A point-of-care urine test can accurately determine if a person is adherent to tenofovir-based pre-exposure prophylaxis (PrEP), according to research presented to the recent Conference on Retroviruses and Opportunistic Infections (CROI 2019) in Seattle. The test checks for antibodies to tenofovir and was tested in a trial of 30 people in Thailand who had different levels of adherence to tenofovir/emtricitabine PrEP. A minimum cut-off value showing if a person had taken PrEP within the past 24 hours was determined. The accuracy of the urine test compared well to gold-standard assays.
A commercial point-of-care test has now been developed. The strip test provides results within five minutes and costs below $2. The investigators believe it could help motivate people to take their therapy and assist in the identification of people in need of adherence support.
However, some delegates expressed concern that the usefulness of the test in clinical practice could be undermined by the “white coat” effect: non-adherent individuals taking a dose shortly before a follow-up appointment when they knew their adherence would be tested.
With high adherence, PrEP can reduce the risk of infection with HIV by well over 90%. Data from clinical trials suggests that many people inaccurately assess or report their adherence to PrEP. In the VOICE study, for instance, 91% of people said they were adherent, but analysis of tenofovir levels in plasma showed that only 26% of individuals had optimum levels of adherence.
Tests for use in routine care to assess PrEP adherence are therefore needed. The current assays are costly and slow. A team of investigators therefore sought to develop a point-of-care urine test.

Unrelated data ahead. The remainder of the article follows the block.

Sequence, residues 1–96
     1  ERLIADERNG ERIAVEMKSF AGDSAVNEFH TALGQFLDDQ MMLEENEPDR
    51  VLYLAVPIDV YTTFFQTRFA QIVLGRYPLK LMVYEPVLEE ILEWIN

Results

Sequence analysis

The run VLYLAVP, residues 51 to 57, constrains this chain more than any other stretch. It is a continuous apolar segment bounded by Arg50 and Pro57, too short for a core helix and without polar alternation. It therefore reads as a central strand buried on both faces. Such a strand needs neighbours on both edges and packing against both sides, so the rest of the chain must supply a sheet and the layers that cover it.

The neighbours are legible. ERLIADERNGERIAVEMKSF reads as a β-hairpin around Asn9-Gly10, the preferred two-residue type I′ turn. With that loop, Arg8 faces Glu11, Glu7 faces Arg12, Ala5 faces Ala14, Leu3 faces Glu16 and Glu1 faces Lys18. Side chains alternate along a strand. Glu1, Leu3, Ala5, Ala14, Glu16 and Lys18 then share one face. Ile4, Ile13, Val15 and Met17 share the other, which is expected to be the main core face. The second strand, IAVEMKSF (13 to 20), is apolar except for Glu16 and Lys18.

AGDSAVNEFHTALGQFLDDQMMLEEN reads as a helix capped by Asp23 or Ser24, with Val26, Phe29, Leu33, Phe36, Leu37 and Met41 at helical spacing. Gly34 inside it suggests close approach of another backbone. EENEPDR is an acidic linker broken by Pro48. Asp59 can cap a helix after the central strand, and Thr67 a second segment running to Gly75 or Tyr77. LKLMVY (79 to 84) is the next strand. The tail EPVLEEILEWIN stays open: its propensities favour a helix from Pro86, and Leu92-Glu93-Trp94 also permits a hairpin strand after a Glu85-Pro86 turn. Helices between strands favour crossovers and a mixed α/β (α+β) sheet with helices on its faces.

They successfully identified a tenofovir-specific antibody in animal tests. This was then validated in a proof-of-concept study. The investigators then designed the TARGET study to determine a level indicating PrEP dosing within the past 24 hours and also to compare the accuracy of urine analysis with current gold-standard assays.
The research was conducted in Thailand and involved 30 individuals. The people were divided into three groups, taking tenofovir/emtricitabine PrEP consistent with varying levels of adherence: high (daily PrEP); medium (four doses a week); low (two doses a week).
The participants provided a total of 637 urine samples over a six-week period after dosing and during washout.
A cut-off of 1500 ng/ml accurately identified 98% of people who took a PrEP dose within the previous 24 hours. The test had high sensitivity (94%) and specificity (99%), its accuracy comparing well to antibody assays (p < 0.0001).
Median levels were 12,000 ng/ml one day after dosing; 5000 ng/ml two days after dosing; 1500 ng/ml three days after dosing; and below the assay's lower limit of quantification four days after dosing.
However, the researchers acknowledged that the test is vulnerable to the “white-coat” effect, with individuals boosting their adherence when they knew a clinic appointment with urine analysis was imminent: a participant in the study admitted to this behaviour. Several delegates also stressed this potential limitation.
During discussion, the investigators noted that the study involved both men and women and the urine test worked well regardless of gender. However, further research is needed to specifically determine how well it performs in transgender women taking feminising hormones.
The current test provides a simple yes/no answer about adherence. A more expensive test capable of determining adherence level (high/medium/low) is in development.
Gandhi M et al. Validation of a urine TFV immunoassay for real-time PrEP and ART adherence testing. Conference on Retroviruses and Opportunistic Infections, Seattle, poster 1298, 2019.